Packers GM Talks Extension, Future, Offseason

The Milwaukee-Wisconsin Journal Sentinel’s Bob McGinn sat down with Packers general manager Ted Thompson on a variety of subjects, including Thompson’s new extension, his future with the franchise and the team’s offseason acquisitions. Here are some of the highlights:

On his contract negotiations with team President Mark Murphy:

“Informal. Yes, I had some representation. An attorney friend of mine. It wasn’t very difficult. It was done over the course of the last few weeks. I think Mark did it (alone).”

On whether he’ll follow the path of his mentor, Ron Wolf, who walked away from the game at age 62:

“Not specifically. I think everybody has their own threshold. Ron was very smart. What he’s been able to accomplish since his retirement in terms of traveling…he and his wife are in good health and have been able to do that…I think that’s marvelous. In my particular situation, I think if I can stay in good health and do this job, I think that’s a marvelous situation.”

On what keeps him motivated:

“The ability to stay up high. To continue the chase of scouting and working with good people. All those things are important to me. My family back home in Texas is important to me. I am cognizant that I’ve spent a large part of my life away from them. I’m going to make a concerted effort to try to be more in their lives. If it’s a weekend every six or eight weeks, I’m going to try to do stuff like that.”

On his role within the organization:

“The short answer is to be a leader. That encompasses a lot of different things. It’s making decisions, but it’s also the idea of being a good person and a servant to the people that work alongside me. The people that I work with have their own lives and their own families. It’s important to try to do this right.”

On Russ Ball (negotiating vice president) potentially being his successor:

“Russ Ball is outstanding. He’s one of those people I work so closely with and becomes part of your family. He’s a good man and certainly an asset to the Packers.”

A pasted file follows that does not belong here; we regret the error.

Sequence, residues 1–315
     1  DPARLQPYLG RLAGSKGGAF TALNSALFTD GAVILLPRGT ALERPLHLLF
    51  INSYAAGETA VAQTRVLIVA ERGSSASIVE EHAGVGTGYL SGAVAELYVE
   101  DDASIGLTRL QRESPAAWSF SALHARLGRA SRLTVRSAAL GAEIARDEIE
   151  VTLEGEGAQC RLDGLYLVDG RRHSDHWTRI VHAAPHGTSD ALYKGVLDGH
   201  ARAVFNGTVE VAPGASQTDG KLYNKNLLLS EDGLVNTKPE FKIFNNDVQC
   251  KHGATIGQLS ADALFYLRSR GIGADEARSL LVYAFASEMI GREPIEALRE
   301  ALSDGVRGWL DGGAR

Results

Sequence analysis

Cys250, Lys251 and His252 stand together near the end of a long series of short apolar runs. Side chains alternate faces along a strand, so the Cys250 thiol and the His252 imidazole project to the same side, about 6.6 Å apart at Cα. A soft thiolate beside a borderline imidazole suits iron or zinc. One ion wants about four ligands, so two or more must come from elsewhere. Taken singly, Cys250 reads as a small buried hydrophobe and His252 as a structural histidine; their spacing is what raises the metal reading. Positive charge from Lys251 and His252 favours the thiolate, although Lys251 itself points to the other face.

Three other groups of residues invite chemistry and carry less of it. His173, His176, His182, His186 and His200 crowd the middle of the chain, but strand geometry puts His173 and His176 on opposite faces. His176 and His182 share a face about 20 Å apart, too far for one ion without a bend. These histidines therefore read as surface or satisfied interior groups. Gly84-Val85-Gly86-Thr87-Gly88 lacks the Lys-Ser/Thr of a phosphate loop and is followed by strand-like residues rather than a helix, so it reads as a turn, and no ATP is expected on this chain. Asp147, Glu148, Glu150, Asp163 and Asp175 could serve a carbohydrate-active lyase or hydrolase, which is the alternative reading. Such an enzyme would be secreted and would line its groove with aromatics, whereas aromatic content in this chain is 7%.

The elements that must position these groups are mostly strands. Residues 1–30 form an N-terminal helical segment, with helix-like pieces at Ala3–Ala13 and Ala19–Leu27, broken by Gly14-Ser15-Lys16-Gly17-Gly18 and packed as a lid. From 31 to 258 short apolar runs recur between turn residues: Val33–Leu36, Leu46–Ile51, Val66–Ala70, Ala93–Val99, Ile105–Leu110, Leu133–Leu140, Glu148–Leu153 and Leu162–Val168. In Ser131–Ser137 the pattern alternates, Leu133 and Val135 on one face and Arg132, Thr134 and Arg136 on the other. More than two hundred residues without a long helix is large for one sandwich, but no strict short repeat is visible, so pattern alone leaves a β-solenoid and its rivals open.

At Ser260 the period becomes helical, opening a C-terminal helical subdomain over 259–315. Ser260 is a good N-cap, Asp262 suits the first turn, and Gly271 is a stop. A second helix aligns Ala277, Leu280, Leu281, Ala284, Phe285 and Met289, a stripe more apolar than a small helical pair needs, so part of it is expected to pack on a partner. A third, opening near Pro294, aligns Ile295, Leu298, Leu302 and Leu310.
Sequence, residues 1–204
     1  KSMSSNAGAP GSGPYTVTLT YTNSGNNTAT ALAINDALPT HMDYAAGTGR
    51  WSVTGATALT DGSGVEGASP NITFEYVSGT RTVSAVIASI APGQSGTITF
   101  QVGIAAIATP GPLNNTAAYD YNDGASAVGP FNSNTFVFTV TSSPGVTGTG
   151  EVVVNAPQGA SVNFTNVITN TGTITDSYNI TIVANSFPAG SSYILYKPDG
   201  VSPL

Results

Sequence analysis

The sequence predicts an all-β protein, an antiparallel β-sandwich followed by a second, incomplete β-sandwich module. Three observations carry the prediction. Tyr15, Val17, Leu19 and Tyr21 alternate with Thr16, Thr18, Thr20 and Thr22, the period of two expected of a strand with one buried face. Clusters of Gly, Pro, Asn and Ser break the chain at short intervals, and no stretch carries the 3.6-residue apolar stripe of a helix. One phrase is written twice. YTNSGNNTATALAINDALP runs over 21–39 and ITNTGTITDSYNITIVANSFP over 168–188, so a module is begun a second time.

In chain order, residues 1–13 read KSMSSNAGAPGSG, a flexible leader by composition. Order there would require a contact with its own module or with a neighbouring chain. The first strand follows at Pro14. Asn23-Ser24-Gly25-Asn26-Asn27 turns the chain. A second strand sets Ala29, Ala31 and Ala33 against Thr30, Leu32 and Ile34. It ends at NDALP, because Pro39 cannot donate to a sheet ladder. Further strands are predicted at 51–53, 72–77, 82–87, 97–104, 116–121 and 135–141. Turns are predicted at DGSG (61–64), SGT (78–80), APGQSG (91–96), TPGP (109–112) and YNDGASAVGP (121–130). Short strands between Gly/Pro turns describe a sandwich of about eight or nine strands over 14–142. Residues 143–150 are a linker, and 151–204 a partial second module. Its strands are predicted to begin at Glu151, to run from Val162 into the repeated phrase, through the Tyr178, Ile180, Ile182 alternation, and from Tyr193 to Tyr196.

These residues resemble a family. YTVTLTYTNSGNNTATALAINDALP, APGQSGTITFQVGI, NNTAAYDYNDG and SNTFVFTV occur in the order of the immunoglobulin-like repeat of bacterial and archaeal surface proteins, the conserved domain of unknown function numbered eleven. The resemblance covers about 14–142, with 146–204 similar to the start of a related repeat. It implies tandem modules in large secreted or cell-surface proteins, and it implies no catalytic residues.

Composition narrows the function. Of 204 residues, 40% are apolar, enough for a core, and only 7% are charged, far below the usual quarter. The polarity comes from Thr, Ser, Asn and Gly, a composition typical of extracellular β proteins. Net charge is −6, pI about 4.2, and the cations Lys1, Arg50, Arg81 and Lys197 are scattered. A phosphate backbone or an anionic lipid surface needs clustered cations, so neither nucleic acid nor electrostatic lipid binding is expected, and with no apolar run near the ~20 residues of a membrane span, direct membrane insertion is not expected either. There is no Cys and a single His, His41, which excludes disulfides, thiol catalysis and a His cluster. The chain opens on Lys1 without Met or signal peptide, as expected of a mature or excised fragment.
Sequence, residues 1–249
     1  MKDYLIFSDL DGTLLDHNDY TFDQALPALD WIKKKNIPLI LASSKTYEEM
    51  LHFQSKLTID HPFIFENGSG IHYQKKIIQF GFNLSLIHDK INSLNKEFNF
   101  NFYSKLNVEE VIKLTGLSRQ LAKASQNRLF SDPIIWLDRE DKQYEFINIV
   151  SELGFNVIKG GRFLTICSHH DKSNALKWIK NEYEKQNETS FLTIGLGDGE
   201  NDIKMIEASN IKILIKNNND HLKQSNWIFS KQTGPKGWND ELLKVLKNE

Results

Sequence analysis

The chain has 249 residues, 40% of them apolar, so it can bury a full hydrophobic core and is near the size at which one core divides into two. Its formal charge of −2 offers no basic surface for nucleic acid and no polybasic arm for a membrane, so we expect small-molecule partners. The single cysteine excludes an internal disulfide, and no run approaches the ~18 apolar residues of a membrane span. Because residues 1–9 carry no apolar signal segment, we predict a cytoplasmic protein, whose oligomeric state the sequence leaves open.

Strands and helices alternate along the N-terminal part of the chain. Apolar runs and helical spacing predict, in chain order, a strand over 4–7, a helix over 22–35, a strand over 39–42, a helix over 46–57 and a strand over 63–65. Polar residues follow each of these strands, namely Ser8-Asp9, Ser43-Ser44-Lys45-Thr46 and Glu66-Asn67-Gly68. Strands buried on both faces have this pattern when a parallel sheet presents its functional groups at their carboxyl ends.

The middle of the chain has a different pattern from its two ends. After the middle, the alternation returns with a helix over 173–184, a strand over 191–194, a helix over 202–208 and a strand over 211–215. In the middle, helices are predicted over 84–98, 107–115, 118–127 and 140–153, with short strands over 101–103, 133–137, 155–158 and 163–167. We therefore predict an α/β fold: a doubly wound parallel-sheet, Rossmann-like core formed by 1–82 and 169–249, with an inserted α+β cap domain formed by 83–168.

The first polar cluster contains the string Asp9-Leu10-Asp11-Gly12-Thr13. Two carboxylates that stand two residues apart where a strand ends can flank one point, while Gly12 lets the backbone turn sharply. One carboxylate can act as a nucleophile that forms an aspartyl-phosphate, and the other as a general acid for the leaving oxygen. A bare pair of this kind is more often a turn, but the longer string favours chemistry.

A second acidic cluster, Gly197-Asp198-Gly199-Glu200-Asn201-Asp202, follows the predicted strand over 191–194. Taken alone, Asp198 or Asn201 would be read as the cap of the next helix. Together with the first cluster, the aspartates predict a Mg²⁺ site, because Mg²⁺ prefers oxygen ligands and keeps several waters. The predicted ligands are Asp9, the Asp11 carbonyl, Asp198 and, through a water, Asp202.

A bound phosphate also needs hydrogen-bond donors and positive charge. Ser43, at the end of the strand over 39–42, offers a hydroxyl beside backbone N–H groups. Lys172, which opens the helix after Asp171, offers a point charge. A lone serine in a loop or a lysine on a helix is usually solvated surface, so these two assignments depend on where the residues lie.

On whether he deliberately matches contract lengths with head coach Mike McCarthy:

“It’s just been generally the stance of the organization to kind of tie the general manager and head coach in lock step. It makes a little bit of sense in terms of, if the contracts would expire or be lengthened out, they’d be (done) all at the same time.”

On team’s ability to consistently stay under the cap:

“Part of that is management and an understanding of what we will and won’t do on a contract. There’s a lot of angst when you get involved in negotiations. There’s a tendency by some teams to kind of maybe stretch a little bit beyond their reach. What we’ve always done, and what I think quite frankly is one of the secrets of this, is that we’ve always done it the same way. Meaning, we’ve looked at free agents and our own players the same way. We haven’t had four people sitting in my chair and three different head coaches. We’ve had the same people sitting in the chairs. I think when that happens, that changes your roster moves dramatically. It bodes well for me staying in place. I think it’s the continuity of having Mike and myself and our entire staff, coaching and personnel, they’re all the same.”

On taking the blame for last season’s back-up quarterback debacle:

“Well, you kind of push the envelope. You’re always trying to get better at that position, just like any other. It wasn’t like we didn’t bring different people in and take a look at them. It just didn’t work out. We feel pretty good about our (current) group.”

On allowing center Evan Dietrich-Smith to depart via free agency:

“It’s just the way it worked out, you know? He got a nice offer (from the Buccaneers) and we chose not to go there. I think (J.C. Tretter) has a chance to be a pretty good player. Working hard. Good kid. Smart.”

On whether the Julius Peppers acquisition will work out:

“I think so. I think that those that have doubted Mr. Peppers most of the time have been wrong. He is, as people have been able to see over the last few days, a gifted athlete despite being a little older than some. I look forward to watching him. He seems anxious to do it, too.”

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